How to apply it: Sometimes we need to accept changes even if we don’t think they’re necessarily fair or for the better. But not always. Just as Dennis Whittle questions the standard way of doing things, we can question changes. What’s the purpose of this change? Is it sensible? Is there a better way? This turning of the tables puts a bit of control in our corner and gives us some say-so, even if we don’t get our way.
  4. Get uncomfortable.
    “For any change that is worthwhile, there will always be resistance,” says Dave Faulkner, director of Education Changemakers. “I believe that real and meaningful change is tough. It takes time, effort, persistence, resilience, and most importantly, action. And while you may fail when you try to change things, you’re certain to be a failure if you never try at all.”
    How to apply it: Hanging outside our comfort zone isn’t always a bad thing. When we’re in a place of uncertainty, we’re pushed into problem-solving mode. We see things from a different perspective. And that allows us to consider possibilities that couldn’t happen when we’re feeling safe and sound. (Read“Possibilities beyond the comfort zone” for a story about making the best of a life-altering situation.)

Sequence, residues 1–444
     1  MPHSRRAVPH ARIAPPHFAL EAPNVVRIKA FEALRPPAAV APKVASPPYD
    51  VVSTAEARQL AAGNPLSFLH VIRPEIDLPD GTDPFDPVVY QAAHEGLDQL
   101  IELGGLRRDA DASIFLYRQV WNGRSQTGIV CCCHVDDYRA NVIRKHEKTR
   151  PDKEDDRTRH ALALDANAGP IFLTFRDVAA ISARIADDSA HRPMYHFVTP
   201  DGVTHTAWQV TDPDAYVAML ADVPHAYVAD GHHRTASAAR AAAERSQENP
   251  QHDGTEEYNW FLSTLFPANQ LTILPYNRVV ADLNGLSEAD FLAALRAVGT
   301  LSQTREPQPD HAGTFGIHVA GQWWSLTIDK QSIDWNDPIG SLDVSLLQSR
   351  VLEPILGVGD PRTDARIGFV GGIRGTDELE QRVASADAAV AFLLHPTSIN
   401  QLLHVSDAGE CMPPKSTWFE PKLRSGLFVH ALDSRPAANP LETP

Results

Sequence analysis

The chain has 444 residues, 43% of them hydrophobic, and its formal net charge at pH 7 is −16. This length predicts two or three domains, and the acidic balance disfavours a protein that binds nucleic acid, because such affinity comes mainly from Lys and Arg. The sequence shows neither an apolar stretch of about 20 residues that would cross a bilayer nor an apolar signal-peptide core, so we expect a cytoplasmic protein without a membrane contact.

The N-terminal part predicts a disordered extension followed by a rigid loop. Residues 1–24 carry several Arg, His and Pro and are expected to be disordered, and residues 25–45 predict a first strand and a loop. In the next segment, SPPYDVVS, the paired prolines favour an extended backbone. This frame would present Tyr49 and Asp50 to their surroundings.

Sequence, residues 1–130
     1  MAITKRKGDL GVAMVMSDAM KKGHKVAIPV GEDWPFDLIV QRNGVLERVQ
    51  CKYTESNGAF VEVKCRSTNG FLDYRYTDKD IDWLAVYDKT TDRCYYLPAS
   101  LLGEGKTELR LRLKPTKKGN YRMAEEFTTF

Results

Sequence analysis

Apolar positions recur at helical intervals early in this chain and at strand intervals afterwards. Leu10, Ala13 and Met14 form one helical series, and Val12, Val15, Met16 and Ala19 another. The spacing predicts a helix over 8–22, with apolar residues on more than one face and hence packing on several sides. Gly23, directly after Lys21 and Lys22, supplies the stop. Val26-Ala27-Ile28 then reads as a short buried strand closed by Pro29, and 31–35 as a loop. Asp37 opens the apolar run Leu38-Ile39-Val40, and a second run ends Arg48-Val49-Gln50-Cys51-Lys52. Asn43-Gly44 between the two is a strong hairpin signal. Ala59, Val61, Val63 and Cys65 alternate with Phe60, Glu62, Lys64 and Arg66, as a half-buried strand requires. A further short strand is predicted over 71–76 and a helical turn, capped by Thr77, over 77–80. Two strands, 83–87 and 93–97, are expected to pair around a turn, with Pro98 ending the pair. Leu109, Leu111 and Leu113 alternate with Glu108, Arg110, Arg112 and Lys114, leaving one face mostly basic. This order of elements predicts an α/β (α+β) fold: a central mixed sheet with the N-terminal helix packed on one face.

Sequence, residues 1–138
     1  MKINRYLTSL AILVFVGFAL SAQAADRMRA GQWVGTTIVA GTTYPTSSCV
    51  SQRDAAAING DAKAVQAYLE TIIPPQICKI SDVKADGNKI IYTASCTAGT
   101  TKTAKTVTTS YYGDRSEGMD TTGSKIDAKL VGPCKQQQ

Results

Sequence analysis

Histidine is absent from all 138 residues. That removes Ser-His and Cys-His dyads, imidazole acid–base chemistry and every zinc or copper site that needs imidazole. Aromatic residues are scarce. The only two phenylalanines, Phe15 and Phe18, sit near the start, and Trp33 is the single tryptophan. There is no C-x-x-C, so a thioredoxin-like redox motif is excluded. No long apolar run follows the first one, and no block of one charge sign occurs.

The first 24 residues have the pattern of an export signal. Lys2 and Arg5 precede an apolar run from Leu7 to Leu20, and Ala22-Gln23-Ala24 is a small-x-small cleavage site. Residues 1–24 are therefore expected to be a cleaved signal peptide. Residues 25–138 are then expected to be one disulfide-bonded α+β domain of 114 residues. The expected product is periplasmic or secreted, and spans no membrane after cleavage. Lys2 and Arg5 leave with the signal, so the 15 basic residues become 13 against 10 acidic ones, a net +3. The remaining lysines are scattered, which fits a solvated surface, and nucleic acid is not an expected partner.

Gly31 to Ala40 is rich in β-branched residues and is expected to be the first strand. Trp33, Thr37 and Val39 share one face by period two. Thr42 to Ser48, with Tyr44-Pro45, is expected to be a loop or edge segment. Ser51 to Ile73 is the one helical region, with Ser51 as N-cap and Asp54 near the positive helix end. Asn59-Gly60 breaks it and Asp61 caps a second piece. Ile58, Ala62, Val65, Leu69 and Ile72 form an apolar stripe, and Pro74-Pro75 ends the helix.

5. Change on purpose.
    “I like making change happen because it works and because it has an important purpose. Change for its own sake is relatively pointless,” says Jim Fruchterman, founder and CEO of Benetech, which develops technology to solve unmet social needs, such as literacy, human rights, and environmental conservation. “For me, change is hope for a better planet. [My] job is necessarily to effect change that actually makes things better.”
    How to apply it: When change is pushed on us, look for the purpose behind it. Does it compromise who we are and what we stand for? If not, it’s probably not as bad as it first seemed. If it does, well, then it might be time to make our own changes (see Habits #3 and #4).
  6. Don’t wait to get started.